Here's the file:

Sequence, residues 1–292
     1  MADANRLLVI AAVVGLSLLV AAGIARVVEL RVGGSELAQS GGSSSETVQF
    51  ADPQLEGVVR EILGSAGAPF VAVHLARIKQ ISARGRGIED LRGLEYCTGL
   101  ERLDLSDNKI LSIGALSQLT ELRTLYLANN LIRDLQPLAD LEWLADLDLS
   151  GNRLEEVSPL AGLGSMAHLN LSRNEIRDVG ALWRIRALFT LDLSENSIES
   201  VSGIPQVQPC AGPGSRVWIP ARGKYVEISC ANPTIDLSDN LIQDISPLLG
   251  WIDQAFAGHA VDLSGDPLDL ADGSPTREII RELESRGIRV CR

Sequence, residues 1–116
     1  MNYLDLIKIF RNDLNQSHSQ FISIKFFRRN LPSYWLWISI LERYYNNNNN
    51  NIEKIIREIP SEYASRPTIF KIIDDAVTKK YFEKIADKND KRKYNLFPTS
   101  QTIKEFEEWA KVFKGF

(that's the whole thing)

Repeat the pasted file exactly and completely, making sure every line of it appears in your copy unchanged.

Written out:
Sequence, residues 1–292
     1  MADANRLLVI AAVVGLSLLV AAGIARVVEL RVGGSELAQS GGSSSETVQF
    51  ADPQLEGVVR EILGSAGAPF VAVHLARIKQ ISARGRGIED LRGLEYCTGL
   101  ERLDLSDNKI LSIGALSQLT ELRTLYLANN LIRDLQPLAD LEWLADLDLS
   151  GNRLEEVSPL AGLGSMAHLN LSRNEIRDVG ALWRIRALFT LDLSENSIES
   201  VSGIPQVQPC AGPGSRVWIP ARGKYVEISC ANPTIDLSDN LIQDISPLLG
   251  WIDQAFAGHA VDLSGDPLDL ADGSPTREII RELESRGIRV CR

Sequence, residues 1–116
     1  MNYLDLIKIF RNDLNQSHSQ FISIKFFRRN LPSYWLWISI LERYYNNNNN
    51  NIEKIIREIP SEYASRPTIF KIIDDAVTKK YFEKIADKND KRKYNLFPTS
   101  QTIKEFEEWA KVFKGF